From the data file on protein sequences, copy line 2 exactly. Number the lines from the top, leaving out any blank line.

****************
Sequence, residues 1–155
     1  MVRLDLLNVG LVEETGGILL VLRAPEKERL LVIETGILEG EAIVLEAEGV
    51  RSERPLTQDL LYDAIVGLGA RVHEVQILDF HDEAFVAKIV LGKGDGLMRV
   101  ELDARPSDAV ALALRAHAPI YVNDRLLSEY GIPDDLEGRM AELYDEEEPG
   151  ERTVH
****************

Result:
     1  MVRLDLLNVG LVEETGGILL VLRAPEKERL LVIETGILEG EAIVLEAEGV